Study finds that family courts are not biased against fathers
It is not uncommon for fathers seeking contact with their children to fear that the family court system is biased against them.
According to a new study, however, there is no evidence of any bias. The research, by the universities of Warwick and Reading, found that on the contrary, contact applications by fathers were “overwhelmingly successful”.
The report by Dr Maebh Harding and Dr Annika Newnham reviewed nearly 200 cases and concluded that county courts played a positive role in resolving family disputes.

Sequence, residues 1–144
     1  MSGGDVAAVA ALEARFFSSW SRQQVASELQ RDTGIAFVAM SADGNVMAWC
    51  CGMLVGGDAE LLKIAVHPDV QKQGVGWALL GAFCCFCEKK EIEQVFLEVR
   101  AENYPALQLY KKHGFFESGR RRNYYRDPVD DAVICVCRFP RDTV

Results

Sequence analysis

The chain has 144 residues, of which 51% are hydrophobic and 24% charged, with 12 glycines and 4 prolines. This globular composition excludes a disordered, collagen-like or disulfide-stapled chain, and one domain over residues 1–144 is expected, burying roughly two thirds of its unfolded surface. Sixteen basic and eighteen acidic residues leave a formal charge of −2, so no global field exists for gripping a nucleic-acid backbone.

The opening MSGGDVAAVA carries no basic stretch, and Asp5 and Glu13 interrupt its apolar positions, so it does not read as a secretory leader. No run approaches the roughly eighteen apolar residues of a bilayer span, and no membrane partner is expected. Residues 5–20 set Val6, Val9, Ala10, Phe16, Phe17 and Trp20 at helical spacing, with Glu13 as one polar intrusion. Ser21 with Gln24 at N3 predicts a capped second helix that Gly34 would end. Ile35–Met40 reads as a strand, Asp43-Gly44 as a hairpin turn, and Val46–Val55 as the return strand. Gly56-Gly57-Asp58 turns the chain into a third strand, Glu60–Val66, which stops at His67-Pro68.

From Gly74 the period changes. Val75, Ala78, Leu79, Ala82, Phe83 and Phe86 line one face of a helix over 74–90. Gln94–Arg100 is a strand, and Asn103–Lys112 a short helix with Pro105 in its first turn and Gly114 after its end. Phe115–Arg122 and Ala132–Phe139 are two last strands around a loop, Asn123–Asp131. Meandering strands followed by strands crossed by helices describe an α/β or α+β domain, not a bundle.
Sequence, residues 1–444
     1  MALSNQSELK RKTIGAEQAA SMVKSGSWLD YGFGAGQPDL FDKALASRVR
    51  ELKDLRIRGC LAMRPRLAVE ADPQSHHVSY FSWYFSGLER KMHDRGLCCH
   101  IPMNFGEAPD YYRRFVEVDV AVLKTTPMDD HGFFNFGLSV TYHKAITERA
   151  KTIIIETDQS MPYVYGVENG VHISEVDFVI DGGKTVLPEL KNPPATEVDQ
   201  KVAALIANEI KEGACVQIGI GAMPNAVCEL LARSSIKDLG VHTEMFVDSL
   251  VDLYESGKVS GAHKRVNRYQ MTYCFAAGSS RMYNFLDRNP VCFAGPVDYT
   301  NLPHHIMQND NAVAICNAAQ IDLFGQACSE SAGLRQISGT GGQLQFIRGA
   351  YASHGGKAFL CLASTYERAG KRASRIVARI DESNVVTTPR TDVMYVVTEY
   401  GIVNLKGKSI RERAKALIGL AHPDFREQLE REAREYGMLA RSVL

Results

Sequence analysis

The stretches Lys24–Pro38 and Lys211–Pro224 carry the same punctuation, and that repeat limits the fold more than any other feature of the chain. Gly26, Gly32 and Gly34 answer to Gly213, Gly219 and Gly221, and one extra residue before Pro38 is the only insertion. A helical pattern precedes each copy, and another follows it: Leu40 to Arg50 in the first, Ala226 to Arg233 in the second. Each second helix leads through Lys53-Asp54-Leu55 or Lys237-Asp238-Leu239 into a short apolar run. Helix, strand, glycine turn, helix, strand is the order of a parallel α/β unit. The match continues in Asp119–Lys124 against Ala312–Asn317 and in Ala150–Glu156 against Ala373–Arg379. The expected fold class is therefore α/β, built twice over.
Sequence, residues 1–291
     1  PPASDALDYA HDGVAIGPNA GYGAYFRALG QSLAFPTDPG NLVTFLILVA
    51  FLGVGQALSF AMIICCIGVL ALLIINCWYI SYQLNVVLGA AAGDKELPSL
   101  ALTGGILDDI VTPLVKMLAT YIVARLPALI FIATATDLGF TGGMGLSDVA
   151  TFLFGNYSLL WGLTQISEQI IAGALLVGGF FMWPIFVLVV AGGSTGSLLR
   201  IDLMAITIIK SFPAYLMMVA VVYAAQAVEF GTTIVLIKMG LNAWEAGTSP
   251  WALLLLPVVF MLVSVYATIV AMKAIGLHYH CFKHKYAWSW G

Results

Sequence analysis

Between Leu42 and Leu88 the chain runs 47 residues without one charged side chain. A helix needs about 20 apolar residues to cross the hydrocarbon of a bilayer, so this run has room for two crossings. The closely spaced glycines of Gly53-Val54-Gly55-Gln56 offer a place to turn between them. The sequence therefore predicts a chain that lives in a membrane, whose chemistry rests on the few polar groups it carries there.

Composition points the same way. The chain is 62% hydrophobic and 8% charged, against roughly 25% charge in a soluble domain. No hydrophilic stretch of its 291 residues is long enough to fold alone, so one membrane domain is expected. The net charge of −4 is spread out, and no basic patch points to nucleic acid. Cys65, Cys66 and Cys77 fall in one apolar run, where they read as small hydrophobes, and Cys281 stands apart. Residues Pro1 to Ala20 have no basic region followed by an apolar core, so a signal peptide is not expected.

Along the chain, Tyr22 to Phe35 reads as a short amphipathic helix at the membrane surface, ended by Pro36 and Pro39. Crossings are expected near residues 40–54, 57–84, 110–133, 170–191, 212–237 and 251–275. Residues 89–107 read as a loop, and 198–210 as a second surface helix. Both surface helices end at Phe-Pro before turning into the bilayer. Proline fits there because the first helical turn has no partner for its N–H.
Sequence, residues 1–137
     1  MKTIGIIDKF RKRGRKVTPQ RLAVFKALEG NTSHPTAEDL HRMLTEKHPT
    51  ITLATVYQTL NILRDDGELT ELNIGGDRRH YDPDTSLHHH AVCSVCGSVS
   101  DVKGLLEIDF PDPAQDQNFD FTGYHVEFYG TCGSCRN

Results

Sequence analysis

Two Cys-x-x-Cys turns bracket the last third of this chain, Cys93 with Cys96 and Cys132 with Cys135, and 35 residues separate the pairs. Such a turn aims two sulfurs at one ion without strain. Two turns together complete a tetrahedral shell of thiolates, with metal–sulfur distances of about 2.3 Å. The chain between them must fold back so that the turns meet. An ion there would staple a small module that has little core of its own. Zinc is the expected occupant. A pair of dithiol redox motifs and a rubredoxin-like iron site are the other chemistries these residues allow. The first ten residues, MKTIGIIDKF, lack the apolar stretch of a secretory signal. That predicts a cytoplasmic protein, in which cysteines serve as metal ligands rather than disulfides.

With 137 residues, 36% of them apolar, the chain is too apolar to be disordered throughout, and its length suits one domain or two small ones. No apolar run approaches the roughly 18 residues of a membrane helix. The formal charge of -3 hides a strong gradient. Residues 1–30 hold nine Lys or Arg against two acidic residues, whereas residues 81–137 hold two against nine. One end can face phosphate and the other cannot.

Dr Harding said: "Whilst it's true that mothers were usually the primary care giver in contact applications, this was simply a reflection of the social reality that women are more likely to take on the role after a relationship breakdown.
"But there was actually no indication of any bias towards mothers over fathers by the courts; in fact we established there was a similar success rate for mothers and fathers applying for orders to have their children live with them.”
The study found that parents tended to only use the courts as a last resort and most cases were resolved without any need for a contested final hearing. The researchers also pointed out that, contrary to what many people believe, court proceedings do not tend to result in increased conflict between parents.
Please contact Siobhan Thompson or Paul Owen if you would like more information about the issues raised in this article or any aspect of family law.